At Oak Ridge National Laboratory in Tennessee nuclear reactor, the researchers used a High Flux Isotope, to make a few micrograms of plutonium-238. Completely revamped program for the production of plutonium has been described in terms of the Department of Energy, released last week, and it will also involve a second reactor west of Idaho Falls, called Advanced Test Reactor.

This facility is located at the ranch Idaho National Laboratory. Sun roasts well this desert area. Armed guards stopped and checked vehicles at roadside outpost. Everything is closed with barbed wire and electrified fences.

Over the last checkpoint security hidden room the size of a small warehouse with a concrete floor. Paul striated yellow lines that secrete a small pool, covered by a metal lid. For her – 18 meters of water, which absorbs radiation. Halfway to the bottom of the reactor core is stored in a two-meter four-leaf clover shape dictated by the wedge-shaped pencils uranium.

“That’s where it hides neptunium,” – says a nuclear chemist Steve Johnson, pointing to a diagram of the radioactive clover.

Neptunium, plutonium direct neighbor in the periodic table and stable by-product of the era of the cold war, nuclear reactors, is the material from which it is easiest to make plutonium-238. In the place where indicated Johnson, engineers take rolls of neptunium-237 and drop them into the reactor core. Neptunium-237 atom absorbs a neutron emitted by decaying uranium nucleus, loses an electron and becomes plutonium-238. After a year or two – after disappear harmful isotopes – machinery rolls bathed in acid to remove the plutonium and neptunium are sent to new revisions.

The inevitability of decay and the limited space of the reactor means that you may need five to seven years to make half a kilogram clean and ready to use plutonium. Even if it is running full production, NASA will squeeze every last watt from the fact that there will always be a fairly small margin.

Standard power supply, which is called multi-purpose thermoelectric generator – the one that feeds “Kyuriositi” – will not take it into account for future research.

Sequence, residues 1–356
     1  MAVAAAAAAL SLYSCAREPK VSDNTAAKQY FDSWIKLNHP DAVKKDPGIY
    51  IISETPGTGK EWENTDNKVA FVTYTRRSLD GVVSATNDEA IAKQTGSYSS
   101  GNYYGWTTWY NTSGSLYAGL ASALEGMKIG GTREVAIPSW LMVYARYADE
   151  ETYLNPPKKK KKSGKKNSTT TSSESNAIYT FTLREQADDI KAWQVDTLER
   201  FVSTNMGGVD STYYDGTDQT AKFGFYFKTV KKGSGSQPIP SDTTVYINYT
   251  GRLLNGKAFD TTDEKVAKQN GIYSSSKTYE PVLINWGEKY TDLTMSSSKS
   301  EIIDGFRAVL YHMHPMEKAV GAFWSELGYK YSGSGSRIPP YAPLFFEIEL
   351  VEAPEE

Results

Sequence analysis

“They are reliable, but use a hell of a lot of plutonium,” – says Johnson.

In other words, NASA does not just need a new plutonium. The agency needs a new battery.


In the confusion of the basement NASA Glenn Research Center in Cleveland hidden metal cage and a clear plastic box with a buzzing devices. Many of them look like stainless steel rod about a meter long, entangled in wires, while others resemble the white boxes the size of two small tables.

This “zoo” of machines consists of a prototype next-generation nuclear energy systems NASA called “advanced Stirling radioisotope generator» (Advanced Stirling Radioisotope Generator). It promises to be an extremely efficient nuclear battery, surpassing any before it.

Outside the vehicle stationary. Inside is a barrage of traffic Stirling cycle, developed in 1816 by the Scottish clergyman Robert Stirling. Gasoline engines burn fuel for the rapid expansion of air that pushes the pistons, but the Stirling converters only thermal gradient. The greater the difference between the hot and cold parts of the Stirling engine, the faster the pistons. When the heat warms one end sealed chamber containing helium gas expands, pushing the piston magnet loaded the pipe with wire helix to generate electricity. The cold gas is returned to the hot side, sucking the piston back again to restart the cycle.

“Nothing with nothing touching. That’s the beauty converter “- said Lee Mason, one of several engineers, NASA, gathered in the basement. Their pistons swim like an air hockey puck in, only helium.

For every 100 watts of heat generated, Stirling generator converts more than 30 watts in electricity. This is almost five times better than that of a nuclear battery, power supply, “Kyuriositi.” The generator may use one-fourth of plutonium, while electric power will increase at least 25%. Less plutonium – so these motors will weigh two-thirds less than a 50-pound pack “Kyuriositi.” An important difference to the spacecraft, which will go a long distance. “Kyuriositi” was the big heavy machine NASA, which the agency sent to Mars, and the vast majority of the mass of it was devoted to a safe landing, not a science. Reducing weight increases the ability to add interesting tools in future flights.